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Physical Properties of cold applied Polyurea Post New Topic | Post Reply

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Posted: Jul 21, 2010 07:56 PM
Physical Properties of cold applied Polyurea
I would like to start this thread to dispel myths about Polyurea being applied by batch mix, low pressure or by cartridge.

You can obtain your correct physical properties providing the formulation is made to be applied through whatever method it was designed for. This includes the PDA definition of a "Pure Polyurea" What this means is if it is formulated for cold application you can achieve from a bed liner type polyurea to an infra structure polyurea physical properties and in between. This is fact.

Lets look at what is a Hybrid. Most associate it as being a percentage of a urethane base B side. This if factual still would not be a bad thing. It simply means you up the chances of blistering if applying when it is to humid. Polyurea can however be Hybrid from Epoxy to many other substitutes and for certain applications give more desired physical properties.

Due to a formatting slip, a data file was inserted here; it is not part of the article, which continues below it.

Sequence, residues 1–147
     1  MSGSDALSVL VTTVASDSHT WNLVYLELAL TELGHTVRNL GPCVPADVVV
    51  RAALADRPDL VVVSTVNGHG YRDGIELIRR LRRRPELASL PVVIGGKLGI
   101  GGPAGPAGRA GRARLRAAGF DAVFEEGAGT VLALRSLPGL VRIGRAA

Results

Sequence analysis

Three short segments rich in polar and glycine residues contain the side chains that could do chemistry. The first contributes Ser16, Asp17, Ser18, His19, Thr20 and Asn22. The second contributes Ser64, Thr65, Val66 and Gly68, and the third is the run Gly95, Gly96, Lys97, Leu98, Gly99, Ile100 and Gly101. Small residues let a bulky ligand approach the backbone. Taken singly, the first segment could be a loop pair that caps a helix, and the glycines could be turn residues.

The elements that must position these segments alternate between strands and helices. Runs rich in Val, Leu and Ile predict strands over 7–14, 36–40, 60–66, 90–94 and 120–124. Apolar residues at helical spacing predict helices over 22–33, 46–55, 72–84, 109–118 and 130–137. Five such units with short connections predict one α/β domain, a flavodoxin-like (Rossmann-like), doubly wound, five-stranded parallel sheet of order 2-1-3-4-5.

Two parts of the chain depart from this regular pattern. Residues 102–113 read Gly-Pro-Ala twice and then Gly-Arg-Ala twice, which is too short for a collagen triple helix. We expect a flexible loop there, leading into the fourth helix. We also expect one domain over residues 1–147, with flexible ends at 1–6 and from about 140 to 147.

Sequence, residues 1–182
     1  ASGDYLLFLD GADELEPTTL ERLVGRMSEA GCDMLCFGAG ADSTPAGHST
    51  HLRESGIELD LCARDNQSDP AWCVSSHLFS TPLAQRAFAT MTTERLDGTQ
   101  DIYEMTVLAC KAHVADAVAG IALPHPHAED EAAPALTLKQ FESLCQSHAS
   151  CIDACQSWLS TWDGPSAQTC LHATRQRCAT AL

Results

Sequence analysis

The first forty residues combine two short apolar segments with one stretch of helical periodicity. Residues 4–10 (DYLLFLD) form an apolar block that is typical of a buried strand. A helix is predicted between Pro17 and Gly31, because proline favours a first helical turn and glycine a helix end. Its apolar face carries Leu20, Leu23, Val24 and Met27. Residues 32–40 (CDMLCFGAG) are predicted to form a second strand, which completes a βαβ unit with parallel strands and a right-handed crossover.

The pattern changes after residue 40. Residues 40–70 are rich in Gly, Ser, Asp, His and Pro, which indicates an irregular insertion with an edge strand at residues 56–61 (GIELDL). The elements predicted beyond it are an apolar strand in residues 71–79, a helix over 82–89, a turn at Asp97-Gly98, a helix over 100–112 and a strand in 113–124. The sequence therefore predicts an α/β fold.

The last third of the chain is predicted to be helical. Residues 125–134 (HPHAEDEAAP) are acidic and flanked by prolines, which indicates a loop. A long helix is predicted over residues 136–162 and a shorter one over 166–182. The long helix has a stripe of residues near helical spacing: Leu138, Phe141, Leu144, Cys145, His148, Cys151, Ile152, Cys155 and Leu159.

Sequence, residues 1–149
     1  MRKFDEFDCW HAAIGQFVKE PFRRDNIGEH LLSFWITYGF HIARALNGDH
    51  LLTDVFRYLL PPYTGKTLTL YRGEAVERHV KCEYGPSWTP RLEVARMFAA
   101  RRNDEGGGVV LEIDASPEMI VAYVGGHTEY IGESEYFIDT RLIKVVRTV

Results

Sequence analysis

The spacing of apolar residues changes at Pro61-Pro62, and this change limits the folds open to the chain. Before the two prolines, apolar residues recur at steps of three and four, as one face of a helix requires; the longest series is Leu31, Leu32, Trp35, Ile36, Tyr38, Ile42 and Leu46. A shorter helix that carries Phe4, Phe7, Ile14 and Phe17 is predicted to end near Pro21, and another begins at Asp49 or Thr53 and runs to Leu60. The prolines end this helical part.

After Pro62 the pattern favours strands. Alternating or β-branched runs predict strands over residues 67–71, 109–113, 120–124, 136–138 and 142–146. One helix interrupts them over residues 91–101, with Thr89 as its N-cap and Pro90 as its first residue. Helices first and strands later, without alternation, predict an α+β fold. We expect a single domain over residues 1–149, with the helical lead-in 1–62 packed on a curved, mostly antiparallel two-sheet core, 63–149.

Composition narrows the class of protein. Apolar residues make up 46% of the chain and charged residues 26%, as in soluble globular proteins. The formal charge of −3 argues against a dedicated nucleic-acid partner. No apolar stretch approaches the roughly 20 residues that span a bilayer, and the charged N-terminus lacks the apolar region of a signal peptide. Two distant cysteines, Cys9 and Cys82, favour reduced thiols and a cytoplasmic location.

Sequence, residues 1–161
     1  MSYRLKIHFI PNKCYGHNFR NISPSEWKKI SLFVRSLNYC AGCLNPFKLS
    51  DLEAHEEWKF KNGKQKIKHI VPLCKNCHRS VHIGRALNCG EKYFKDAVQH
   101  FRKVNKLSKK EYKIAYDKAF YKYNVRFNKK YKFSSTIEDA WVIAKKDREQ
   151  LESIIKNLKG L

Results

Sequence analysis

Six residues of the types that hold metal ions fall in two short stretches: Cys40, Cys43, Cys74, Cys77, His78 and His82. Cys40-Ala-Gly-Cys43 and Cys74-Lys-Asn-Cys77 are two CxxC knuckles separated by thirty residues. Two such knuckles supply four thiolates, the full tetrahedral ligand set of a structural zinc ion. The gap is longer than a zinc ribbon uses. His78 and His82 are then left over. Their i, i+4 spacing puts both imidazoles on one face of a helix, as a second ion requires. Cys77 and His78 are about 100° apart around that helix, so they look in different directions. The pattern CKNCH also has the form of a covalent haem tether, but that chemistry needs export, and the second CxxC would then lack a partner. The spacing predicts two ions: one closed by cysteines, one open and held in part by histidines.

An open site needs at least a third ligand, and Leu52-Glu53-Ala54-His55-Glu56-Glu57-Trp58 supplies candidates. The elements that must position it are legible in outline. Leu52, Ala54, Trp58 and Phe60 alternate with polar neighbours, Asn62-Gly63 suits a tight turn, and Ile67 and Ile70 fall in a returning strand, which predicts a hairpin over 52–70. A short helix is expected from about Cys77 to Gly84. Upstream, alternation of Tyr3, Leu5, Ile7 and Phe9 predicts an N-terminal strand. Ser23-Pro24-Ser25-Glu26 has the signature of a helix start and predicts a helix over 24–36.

I have been to many Car shows over the years and seen Hybrid cars. What this means is a car has been modified for a reason or liking. They usually sell for much more money.

The object of a coating is to protect. The protection is deemed by what it needs to protect from. As an example most "Pure Polyurea's" cannot resist Chlorine. You can modify a Polyurea that can withstand Chlorine. Does this make it a bad thing?

We can't jump around a make everything a new generic so to me if it is a molecule with a tail that is filled it fits into a polyurea category which to me is an Iso with a Pre Polymer and an Amine B side. I don't think that is so hard. We however can over rationalize and confuse both ourselves and the customer community out there.

I welcome feedback, good or bad.


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